On April 30, 2018, the Court of Appeal for Ontario released its decision in 1688782 Ontario Inc. v Maple Leaf Foods Inc., 2018 ONCA 407, reversing a decision granting summary judgment (in part) in favour of Mr. Sub franchisees in a class action commenced against Maple Leaf Foods Inc. following the listeria contamination of certain Maple Leaf ready-to-eat meats in 2008. The Court of Appeal’s decision makes numerous references to the Supreme Court’s decision in Deloitte & Touche v Livent (Receiver of), 2017 SCC 63, and highlights the importance of properly defining the scope of any duty of care arising from a relationship between parties.
Second, the motion judge erred in failing to consider the scope of the proximate relationship between the parties or the scope of any duty of care arising from it. According to the Court of Appeal, to the extent that there may be a duty to supply meat fit for human consumption, it does not extend to the damages for pure economic loss alleged by the franchisees. Writing for the Court, Fairburn J.A. stated:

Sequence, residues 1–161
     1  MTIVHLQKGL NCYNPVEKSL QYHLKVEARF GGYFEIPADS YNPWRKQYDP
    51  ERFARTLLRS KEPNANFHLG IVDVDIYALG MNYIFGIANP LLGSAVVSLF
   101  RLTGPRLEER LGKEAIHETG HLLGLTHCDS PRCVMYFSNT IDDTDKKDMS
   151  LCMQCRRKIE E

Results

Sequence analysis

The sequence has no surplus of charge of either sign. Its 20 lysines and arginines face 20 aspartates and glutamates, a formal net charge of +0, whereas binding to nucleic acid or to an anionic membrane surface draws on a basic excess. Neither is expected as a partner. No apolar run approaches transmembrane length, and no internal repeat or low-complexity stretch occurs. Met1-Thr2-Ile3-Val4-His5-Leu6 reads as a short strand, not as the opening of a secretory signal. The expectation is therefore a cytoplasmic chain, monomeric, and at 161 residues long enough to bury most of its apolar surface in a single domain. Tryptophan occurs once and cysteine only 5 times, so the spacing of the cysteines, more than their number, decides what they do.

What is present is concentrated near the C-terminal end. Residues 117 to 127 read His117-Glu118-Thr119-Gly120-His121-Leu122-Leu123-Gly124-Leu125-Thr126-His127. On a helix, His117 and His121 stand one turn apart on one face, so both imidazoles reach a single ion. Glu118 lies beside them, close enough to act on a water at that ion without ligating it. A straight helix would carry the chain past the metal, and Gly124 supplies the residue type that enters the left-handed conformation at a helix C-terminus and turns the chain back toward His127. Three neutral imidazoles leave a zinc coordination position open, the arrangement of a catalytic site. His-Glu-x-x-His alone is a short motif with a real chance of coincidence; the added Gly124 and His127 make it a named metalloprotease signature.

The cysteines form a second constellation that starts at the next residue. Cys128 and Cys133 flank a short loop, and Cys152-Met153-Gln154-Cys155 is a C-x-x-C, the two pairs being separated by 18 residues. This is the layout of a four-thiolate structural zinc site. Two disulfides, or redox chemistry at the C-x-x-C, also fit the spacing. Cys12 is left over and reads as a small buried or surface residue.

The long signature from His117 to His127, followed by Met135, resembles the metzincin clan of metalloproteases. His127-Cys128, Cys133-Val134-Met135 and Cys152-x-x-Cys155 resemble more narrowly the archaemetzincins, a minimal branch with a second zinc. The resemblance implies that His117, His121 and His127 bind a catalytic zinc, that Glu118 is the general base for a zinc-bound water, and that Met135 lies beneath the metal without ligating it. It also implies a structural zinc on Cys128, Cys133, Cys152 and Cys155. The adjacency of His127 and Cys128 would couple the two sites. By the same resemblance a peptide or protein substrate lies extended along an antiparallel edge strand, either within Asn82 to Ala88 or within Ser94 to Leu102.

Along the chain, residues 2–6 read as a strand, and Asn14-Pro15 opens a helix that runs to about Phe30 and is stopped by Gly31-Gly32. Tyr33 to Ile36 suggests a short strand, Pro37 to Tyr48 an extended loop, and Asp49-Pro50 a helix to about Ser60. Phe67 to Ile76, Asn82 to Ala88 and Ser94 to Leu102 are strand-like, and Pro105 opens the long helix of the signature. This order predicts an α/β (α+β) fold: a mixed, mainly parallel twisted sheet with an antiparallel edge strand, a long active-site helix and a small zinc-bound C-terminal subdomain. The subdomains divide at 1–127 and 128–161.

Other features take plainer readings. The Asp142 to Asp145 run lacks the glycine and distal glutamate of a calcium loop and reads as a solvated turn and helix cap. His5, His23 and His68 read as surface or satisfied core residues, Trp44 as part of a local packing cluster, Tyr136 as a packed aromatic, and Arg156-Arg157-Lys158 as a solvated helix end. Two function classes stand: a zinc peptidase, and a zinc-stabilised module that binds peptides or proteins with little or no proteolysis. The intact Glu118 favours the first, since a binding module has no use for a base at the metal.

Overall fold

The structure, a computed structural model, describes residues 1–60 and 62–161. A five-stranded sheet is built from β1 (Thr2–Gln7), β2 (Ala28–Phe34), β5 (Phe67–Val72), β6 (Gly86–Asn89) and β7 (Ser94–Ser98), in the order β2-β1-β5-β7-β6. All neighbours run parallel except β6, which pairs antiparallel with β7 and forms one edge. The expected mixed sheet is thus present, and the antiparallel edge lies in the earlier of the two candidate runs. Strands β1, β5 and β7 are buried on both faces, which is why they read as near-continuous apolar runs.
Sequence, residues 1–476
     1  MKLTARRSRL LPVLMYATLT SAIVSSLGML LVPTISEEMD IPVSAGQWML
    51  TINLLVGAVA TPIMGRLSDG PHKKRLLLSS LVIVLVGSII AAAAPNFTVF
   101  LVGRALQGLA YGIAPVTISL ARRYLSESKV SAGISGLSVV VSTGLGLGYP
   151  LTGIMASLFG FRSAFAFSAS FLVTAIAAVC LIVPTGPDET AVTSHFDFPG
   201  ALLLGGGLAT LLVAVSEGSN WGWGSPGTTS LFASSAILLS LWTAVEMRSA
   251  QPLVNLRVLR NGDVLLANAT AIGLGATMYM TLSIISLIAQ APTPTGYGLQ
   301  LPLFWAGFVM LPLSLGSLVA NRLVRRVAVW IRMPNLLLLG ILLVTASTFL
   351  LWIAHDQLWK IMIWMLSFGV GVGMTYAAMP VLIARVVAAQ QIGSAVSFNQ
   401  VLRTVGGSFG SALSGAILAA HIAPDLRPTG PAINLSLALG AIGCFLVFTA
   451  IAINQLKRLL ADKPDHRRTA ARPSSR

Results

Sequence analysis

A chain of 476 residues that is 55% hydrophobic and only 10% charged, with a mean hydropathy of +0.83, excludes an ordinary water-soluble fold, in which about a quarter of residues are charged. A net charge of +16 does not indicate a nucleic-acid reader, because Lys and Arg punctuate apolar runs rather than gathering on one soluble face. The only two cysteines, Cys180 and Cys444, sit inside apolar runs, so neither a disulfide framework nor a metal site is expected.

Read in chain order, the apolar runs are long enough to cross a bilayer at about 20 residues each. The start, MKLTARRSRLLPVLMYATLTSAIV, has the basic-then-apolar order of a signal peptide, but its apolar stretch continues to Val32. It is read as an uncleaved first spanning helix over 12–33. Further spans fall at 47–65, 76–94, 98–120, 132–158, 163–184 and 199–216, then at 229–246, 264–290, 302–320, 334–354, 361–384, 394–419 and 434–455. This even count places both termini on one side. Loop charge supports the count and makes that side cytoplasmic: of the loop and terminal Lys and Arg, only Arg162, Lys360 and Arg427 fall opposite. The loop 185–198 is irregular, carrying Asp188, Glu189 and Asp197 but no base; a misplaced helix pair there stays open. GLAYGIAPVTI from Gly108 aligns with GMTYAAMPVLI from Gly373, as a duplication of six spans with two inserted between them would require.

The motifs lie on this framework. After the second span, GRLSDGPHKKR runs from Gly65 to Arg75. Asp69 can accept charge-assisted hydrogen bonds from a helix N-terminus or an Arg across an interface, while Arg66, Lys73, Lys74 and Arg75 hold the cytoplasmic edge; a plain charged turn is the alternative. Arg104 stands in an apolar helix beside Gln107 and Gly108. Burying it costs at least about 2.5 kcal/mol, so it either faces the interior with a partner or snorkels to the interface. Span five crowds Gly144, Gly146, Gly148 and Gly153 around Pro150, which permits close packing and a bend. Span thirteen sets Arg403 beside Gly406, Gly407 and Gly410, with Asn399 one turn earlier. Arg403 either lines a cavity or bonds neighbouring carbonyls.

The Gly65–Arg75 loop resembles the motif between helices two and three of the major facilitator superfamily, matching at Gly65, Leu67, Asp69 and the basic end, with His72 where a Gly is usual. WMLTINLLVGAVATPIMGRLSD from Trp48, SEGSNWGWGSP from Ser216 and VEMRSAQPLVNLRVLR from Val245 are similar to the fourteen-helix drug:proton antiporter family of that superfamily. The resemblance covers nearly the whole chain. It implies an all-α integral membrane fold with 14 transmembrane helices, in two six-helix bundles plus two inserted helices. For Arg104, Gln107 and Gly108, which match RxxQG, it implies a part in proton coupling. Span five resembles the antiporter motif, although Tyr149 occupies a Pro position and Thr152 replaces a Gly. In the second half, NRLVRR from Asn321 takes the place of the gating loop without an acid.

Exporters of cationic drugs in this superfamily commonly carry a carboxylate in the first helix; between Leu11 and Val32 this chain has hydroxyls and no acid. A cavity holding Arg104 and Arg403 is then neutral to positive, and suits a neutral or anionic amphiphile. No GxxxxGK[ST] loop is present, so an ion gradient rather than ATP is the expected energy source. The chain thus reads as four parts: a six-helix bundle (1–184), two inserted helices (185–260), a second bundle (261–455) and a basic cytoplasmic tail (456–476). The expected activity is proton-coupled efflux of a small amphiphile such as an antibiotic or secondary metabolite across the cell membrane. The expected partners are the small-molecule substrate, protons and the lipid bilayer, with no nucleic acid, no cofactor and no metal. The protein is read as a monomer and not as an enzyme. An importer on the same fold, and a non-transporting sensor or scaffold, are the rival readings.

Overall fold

To conclude that Maple Leaf owed a duty of care in tort to the franchisees to protect them against the kinds of damages at issue on this appeal would be to enlarge the duty to safeguard the health and safety of customers by supplying fit meat to include a quite different and added duty to franchisees to protect against reputational harm. In my view, to do so would constitute an unwarranted expansion of a duty owed to one class of plaintiffs and extend it to the fundamentally different claim advanced by the franchisees. In other words, the franchisees cannot bootstrap their claim for damages for reputational loss to the different duty owed by Maple Leaf to their customers.